I must say, coming off the iBasso DX90 and the nightmare placement of its own screen off button (which is located underneath the protective case and on the units left side) the L5Pro has gifted me no bitterness when it comes to free form functionality and tactility. I really hate having to flip over my DX90 case and thumb down the lock screen/screen off button while the unit is on, especially so when Rockbox’s UI is enabled. With that active, the screen is more sensitive and I’ve often found myself fumbling menus and subsets that I don’t ever want to touch, menu’s that mess up the settings of the DX90 easily. This isn’t a problem with the L5Pro and it is simple, little design elements like this that are well thought out that make me smile.
The L5Pro comes with 32gb onboard storage and only one micro SD slot. I feel like for these prices that near a grand, DAP’s should be designing and taking a page off of Calyx’s M, which is a DAP that had onboard storage, a micro SD card slot AND a full size SD card slot. I can’t complain, but it looks like iBasso’s new DX80 is one of few of the newer generation DAP’s to house a dual micro SD slot feature. What a shame the L5Pro doesn’t also have that feature, darn. For $809, Luxury and Precision should have opted for a full size SD card slot as well, as 512gb cards right now cost the same as 128gb micro SD cards and I’d much rather has the full size SD card in there than the currently overpriced 200gb Sansdisk micro SD card.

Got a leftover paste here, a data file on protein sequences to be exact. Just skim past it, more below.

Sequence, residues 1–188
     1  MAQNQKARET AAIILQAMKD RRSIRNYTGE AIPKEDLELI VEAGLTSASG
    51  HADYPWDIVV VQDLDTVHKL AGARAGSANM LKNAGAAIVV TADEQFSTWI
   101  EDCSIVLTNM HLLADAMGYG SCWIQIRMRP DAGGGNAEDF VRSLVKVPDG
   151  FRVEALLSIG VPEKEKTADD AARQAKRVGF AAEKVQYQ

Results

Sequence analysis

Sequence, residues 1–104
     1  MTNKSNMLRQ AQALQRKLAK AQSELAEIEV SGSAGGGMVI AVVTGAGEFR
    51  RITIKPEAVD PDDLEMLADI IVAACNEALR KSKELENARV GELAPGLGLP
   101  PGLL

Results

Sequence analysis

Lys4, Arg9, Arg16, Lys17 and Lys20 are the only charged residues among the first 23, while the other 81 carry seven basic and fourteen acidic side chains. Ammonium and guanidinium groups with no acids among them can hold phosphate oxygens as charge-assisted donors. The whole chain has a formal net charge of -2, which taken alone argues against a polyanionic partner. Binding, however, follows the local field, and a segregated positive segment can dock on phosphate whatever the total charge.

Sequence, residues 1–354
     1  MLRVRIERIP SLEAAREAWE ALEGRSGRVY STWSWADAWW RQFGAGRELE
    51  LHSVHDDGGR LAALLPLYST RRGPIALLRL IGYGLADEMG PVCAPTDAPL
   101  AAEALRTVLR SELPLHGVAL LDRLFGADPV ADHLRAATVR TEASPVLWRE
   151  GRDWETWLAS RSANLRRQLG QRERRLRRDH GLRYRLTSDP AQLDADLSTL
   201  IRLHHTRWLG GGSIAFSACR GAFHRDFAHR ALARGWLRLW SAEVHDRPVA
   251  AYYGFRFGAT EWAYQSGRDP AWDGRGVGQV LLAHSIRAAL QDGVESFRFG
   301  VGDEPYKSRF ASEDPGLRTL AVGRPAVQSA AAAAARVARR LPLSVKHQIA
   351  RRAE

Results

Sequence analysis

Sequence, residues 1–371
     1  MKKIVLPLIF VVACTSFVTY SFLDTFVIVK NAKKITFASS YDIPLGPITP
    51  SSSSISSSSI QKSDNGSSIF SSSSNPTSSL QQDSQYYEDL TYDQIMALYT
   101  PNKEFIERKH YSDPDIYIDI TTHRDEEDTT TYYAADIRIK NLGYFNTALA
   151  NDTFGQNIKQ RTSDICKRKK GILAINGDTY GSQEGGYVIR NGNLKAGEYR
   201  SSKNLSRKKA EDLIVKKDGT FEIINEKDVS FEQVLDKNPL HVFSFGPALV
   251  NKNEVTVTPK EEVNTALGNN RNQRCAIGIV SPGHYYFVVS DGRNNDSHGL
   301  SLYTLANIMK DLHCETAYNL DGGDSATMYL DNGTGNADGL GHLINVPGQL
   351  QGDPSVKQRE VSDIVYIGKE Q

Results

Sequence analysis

With that in mind, storage isn’t really a problem for me on a personal level until my .DSD collection comes into play. Those with large amounts of DSD files in their lot are going to run out of space before they can blink, often times with 1gb+ albums in DSD64 file types. Ouch, I am running into this problem at the moment and truly only the Calyx M is capable of saving me from being forced to make sacrifices and actually…oh jeez, dare I say it…manually picking and choosing albums to add or delete from my collection. Good God, that brings me back to 12 years ago and having to be stuck with 50 songs on my Samsung Yepp player…nothing bothers me more than having to sift through gigabytes of my music collection and tell certain albums to walk the plank. “No room for ya, matie. Off with Ye!”